Bettie Serveert

With the Twilight and JJ Magazine. Friday, June 24, at the Grog Shop.

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This Dutch group first piqued American interest back in the early '90s with its punch-drunk debut, Palomine, and a couple of almost-as-good follow-ups. At the time, shaggy-haired indie-rock guys couldn't believe their luck: Here was a band that offered the unhinged guitar squall they needed to feel secure and also had a good-looking blond frontwoman, Carol van Dyk. For countless Pavement and Sebadoh fans, Bettie Serveert was proof that their world wasn't as small as they often feared.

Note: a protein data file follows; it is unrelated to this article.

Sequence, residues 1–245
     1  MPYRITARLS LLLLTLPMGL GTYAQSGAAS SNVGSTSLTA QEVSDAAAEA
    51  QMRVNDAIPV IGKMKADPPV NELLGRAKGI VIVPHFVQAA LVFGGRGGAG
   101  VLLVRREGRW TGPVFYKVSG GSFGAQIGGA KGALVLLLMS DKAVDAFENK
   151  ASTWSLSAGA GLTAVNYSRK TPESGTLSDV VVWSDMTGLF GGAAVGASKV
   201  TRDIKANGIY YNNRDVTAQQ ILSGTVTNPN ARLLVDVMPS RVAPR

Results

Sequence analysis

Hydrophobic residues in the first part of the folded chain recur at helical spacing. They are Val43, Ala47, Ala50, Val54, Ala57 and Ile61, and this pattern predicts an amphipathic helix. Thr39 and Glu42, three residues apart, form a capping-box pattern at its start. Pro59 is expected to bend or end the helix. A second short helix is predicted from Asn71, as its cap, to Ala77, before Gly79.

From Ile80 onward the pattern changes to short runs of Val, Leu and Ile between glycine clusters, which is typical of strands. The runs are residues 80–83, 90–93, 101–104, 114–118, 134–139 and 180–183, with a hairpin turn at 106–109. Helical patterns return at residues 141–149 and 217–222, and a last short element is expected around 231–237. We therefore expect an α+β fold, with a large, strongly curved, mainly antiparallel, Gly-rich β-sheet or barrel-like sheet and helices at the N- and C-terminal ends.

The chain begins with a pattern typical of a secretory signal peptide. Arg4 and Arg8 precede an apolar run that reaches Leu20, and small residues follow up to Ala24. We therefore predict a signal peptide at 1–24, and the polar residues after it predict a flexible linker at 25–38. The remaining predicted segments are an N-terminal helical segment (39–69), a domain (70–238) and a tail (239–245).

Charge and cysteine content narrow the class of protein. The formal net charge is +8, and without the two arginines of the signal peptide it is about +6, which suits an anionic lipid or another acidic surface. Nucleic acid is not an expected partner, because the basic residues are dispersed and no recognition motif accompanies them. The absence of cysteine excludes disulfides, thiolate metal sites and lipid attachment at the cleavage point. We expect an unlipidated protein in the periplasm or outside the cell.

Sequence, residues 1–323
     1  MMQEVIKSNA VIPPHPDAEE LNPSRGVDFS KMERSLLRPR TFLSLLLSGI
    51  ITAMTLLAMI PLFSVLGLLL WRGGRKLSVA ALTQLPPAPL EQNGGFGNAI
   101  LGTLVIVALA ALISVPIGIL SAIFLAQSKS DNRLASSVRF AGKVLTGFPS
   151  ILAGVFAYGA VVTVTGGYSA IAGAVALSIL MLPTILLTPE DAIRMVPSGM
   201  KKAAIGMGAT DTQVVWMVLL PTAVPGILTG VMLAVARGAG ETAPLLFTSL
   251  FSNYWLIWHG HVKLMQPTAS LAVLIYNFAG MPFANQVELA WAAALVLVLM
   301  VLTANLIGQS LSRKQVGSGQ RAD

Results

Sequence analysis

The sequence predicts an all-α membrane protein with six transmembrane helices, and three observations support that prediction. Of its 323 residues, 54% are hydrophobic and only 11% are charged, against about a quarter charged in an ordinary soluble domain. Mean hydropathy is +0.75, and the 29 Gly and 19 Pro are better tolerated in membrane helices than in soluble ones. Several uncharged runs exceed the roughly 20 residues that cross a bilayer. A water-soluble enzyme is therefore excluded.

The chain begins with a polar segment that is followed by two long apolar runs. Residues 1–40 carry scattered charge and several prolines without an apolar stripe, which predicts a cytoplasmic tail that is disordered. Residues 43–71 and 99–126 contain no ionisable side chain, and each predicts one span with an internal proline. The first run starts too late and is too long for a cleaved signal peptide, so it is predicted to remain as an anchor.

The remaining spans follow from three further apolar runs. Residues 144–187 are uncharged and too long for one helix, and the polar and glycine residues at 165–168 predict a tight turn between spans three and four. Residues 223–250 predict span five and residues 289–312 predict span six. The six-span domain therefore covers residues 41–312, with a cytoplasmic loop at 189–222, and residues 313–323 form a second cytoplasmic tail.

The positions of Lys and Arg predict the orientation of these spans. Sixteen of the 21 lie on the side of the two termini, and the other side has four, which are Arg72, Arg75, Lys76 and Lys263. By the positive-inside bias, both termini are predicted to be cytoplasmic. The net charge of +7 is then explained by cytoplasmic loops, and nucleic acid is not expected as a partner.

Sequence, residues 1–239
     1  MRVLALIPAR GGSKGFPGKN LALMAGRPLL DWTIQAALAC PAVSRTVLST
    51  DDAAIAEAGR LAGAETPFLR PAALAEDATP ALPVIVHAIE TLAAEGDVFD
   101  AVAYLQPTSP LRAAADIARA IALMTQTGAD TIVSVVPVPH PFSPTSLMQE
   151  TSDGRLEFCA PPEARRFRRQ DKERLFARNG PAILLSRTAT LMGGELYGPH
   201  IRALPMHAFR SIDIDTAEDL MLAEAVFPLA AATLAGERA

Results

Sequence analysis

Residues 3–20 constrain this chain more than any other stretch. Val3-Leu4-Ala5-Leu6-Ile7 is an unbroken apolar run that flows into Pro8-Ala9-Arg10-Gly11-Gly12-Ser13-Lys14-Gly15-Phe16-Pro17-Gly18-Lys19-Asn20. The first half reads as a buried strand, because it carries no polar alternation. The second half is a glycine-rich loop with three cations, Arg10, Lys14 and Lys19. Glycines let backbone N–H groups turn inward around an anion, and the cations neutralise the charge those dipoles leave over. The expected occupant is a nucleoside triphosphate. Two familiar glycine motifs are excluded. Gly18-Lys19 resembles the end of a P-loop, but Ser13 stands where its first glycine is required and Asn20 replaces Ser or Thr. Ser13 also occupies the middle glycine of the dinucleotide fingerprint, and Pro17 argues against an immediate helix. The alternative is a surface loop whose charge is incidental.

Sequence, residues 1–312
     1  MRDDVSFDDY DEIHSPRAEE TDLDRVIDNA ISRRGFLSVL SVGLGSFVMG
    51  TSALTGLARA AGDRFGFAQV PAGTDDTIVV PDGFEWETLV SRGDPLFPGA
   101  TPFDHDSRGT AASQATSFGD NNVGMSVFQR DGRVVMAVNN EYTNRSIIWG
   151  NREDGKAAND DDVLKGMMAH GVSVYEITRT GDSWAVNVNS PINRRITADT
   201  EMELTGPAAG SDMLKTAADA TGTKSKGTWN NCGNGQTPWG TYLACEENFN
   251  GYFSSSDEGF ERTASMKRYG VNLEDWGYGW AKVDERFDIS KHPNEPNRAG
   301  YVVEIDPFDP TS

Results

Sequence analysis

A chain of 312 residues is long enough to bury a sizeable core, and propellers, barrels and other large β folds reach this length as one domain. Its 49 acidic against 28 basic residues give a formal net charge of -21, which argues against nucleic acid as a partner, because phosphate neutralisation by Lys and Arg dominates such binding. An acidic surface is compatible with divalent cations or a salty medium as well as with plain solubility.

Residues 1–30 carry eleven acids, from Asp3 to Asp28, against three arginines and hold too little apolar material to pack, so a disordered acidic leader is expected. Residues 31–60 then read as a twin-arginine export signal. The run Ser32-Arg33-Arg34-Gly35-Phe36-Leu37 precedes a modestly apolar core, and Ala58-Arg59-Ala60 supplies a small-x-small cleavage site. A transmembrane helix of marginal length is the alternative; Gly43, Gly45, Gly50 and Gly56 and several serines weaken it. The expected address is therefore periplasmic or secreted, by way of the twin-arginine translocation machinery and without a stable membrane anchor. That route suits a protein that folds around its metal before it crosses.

These days, van Dyk and her bandmates are still proving as much: Their last several albums have seen them deepening their sweetly sloppy guitar-pop, looking beyond the Velvet Underground for inspiration (but not before releasing Bettie Serveert Plays Venus in Furs and Other Velvet Underground Songs, a live covers disc). On Serveert's latest, Attagirl, the band's seventh full-length, they dabble in polite disco-rock, streamlined Krautrock, live-band trip-hop, even mysterious film-noir surf-pop balladry. With its stylistic range and van Dyk's smart, sexy, sophisticated-lady performance, the album plays like a slightly more mature version of More Adventurous by L.A.'s Rilo Kiley, whose Jenny Lewis might've heard something of herself in Palomine. That's Bettie Serveert: out adventuring, so you don't have to.

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